Nepali Times Asian Paints
Review
Thalara’s black and white world


AARTI BASNYAT


They are stark and beautiful, almost unreal. The fine details like a hole in the skirt or patchwork clothes and heart-warming smiles make Devendra SJB Rana's exhibition of black and white photographs 'Thalara Framed' at Siddhartha Art Gallery, remarkable.

Devendra was brought up and educated in England. He wanted to know his country better, to understand life beyond the Valley. On a visit to a village, he saw the people drink water, wash clothes and defecate in the same river. Shocked by the poverty, he decided to so something in a small way. With his background in agriculture development, Devendra started a project for rural development. He chose Thalara in farwestern Nepal.

Far removed from the bubble reality of Kathmandu, Thalara is in that part of Nepal which is most neglected, most deprived and most marginalised. The disparity between the upper and lower caste dominates social interactions, and the status of women in the community and even within the family is medieval. The women do all the household work- fetching water, fodder, firewood and they are still treated like dirt. Poverty was intense and all-pervasive.

Devendra lived in Thalara for five years 1991-96 and fought daily to change the ke garne mindset of the local menfolk. Thalara was also Devendra's mother's home but even his own relatives failed to understand his desire to eat and live with people from the lower castes. He saw poverty face-to-face and understood what drove some into the Maoist fold later on. "People were so poor that they didn't care anymore," he says quietly, "they had nothing to lose but their lives, which they could barely sustain anyway."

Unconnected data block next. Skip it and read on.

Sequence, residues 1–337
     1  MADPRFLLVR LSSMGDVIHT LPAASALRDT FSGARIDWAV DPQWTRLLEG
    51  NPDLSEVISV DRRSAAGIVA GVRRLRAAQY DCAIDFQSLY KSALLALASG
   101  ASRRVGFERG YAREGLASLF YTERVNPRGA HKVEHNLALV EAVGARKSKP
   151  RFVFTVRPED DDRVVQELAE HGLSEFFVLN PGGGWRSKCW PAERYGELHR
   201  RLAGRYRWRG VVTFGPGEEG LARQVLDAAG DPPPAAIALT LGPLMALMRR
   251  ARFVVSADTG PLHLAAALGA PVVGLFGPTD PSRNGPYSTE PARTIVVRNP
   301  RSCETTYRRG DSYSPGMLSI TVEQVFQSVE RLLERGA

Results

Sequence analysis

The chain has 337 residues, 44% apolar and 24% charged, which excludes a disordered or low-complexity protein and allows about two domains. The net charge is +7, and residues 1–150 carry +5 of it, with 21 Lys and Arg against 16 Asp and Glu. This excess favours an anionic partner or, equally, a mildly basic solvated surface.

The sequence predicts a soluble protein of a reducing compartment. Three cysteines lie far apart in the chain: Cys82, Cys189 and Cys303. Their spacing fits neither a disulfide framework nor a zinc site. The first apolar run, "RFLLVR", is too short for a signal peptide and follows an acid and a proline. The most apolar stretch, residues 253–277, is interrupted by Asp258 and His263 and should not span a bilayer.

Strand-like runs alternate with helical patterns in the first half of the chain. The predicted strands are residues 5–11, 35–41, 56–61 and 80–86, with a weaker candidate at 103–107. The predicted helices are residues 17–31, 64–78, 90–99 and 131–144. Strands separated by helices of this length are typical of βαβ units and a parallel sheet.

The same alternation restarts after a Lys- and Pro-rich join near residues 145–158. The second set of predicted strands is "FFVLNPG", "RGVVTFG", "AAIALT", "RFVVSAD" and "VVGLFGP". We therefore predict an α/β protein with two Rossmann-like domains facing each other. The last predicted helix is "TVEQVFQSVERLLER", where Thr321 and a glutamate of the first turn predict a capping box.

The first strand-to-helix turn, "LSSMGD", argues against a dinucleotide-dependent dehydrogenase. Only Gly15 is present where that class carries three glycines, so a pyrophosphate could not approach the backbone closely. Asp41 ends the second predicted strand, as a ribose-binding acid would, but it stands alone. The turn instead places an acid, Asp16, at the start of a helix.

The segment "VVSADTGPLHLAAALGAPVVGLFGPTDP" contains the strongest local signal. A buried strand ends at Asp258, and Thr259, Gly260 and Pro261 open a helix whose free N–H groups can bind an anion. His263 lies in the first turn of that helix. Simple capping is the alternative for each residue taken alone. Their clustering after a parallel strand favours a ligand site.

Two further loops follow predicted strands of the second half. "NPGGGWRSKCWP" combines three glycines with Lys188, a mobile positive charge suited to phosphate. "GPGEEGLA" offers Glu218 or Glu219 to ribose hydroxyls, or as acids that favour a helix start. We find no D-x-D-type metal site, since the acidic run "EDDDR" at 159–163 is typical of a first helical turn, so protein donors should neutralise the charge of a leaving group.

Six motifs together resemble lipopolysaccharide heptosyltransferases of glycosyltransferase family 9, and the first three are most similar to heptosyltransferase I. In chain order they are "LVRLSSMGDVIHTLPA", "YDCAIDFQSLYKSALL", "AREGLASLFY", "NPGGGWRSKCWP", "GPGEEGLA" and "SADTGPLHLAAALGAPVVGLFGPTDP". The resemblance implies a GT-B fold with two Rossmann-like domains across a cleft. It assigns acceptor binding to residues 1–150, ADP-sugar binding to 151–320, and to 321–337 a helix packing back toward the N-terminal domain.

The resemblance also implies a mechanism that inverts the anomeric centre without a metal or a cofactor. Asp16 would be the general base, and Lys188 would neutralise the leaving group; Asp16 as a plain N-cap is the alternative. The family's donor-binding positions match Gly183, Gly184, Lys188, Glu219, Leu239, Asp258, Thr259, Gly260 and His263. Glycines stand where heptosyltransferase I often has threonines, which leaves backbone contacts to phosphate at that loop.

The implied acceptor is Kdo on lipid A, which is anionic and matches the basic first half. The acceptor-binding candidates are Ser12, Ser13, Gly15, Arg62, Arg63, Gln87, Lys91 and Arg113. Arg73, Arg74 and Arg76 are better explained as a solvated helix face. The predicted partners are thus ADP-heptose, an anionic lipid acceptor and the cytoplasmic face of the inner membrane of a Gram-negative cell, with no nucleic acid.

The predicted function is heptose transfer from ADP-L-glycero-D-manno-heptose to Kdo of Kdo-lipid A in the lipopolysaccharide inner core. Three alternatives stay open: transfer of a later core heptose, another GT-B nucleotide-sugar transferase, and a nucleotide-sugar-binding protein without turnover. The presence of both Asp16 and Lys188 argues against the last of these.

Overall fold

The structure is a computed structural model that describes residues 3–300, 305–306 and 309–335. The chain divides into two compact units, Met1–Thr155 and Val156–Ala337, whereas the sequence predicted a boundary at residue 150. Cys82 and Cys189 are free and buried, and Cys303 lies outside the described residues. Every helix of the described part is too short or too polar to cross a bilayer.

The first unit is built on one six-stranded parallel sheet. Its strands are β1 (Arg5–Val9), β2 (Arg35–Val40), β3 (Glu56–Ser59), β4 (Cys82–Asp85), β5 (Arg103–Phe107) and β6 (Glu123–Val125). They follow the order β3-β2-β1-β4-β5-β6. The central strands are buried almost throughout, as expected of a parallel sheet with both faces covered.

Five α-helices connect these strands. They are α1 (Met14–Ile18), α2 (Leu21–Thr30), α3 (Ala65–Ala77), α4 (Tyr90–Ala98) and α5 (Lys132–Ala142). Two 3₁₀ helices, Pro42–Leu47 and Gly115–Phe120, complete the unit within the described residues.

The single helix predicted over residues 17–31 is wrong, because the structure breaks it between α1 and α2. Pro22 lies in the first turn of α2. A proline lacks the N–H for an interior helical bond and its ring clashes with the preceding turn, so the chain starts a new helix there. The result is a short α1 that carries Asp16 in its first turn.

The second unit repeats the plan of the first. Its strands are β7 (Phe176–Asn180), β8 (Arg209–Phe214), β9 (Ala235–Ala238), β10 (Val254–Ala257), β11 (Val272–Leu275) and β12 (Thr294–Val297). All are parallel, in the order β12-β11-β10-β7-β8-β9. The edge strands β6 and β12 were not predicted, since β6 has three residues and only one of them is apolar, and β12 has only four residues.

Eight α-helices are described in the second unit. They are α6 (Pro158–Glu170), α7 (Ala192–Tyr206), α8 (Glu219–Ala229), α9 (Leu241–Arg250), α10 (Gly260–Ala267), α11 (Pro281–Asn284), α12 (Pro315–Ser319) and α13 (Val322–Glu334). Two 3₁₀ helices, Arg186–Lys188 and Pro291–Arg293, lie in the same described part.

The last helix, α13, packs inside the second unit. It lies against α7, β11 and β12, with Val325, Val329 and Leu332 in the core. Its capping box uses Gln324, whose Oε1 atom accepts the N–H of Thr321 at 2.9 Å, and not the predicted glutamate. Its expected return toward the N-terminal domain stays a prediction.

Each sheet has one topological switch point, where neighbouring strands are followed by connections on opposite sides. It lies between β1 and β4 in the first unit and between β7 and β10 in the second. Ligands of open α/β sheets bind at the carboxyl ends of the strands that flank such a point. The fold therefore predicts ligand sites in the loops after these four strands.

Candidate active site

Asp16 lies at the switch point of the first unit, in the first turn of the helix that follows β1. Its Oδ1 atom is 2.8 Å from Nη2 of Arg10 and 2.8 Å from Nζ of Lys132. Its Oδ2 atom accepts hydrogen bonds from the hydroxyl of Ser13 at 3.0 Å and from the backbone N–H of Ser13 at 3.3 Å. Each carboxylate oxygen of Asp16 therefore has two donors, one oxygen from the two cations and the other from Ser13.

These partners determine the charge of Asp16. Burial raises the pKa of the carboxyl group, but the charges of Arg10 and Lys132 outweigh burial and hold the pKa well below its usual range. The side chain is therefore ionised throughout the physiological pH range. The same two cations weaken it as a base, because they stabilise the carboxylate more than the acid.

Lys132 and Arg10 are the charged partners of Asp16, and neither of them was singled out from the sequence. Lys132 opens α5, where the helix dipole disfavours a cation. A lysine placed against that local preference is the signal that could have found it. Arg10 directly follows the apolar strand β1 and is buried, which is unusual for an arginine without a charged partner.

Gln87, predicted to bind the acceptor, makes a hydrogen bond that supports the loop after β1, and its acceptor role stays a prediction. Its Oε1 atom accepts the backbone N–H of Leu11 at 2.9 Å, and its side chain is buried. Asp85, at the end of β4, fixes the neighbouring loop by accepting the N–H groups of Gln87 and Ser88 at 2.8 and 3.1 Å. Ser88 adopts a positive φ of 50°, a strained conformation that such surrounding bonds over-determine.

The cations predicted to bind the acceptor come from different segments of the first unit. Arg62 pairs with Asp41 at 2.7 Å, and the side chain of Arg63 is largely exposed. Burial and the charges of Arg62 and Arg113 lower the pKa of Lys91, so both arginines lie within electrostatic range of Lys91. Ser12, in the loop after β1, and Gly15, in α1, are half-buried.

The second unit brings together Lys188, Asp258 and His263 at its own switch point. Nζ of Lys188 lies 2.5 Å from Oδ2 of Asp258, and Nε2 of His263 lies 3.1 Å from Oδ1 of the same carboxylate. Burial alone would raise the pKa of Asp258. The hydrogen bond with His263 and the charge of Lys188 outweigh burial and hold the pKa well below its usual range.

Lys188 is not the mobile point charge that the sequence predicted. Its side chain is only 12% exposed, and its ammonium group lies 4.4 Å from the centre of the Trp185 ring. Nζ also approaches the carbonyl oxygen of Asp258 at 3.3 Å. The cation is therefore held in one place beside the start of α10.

Fatalism was rife in Thalara and Devendra discovered that here more than anywhere else, many felt fate is written on their foreheads. People were content to sit back and let things take their course. "It is often easier to overcome poverty than change that attitude," says Devendra.

Devendra documented his stay in Thalara with black and white photography, a wonder he discovered at the age of eight. Now he is ready to exhibit some of this photographs. "I want to raise awareness among the people of Kathmandu, to gauge their reaction to these stark pictures of life in the villages and the desolation even before the Maoists," he says.

Devendra hasn't returned to Thalara since 1996, the year that the Maoist 'people's war' began in nearby Rolpa. Today, the area is a conflict zone, even the few development projects have stopped, and Thalara has become more remote than ever before. But we see into the souls of its inhabitants from these pictures taken 10 years ago. In black and white, shorn of photogenic glamour, the struggle and grinding poverty is more poignant.

The exhibition is supported by the Bank of Kathmandu and Devendra plans to take it to the Netherlands also.


LATEST ISSUE
638
(11 JAN 2013 - 17 JAN 2013)


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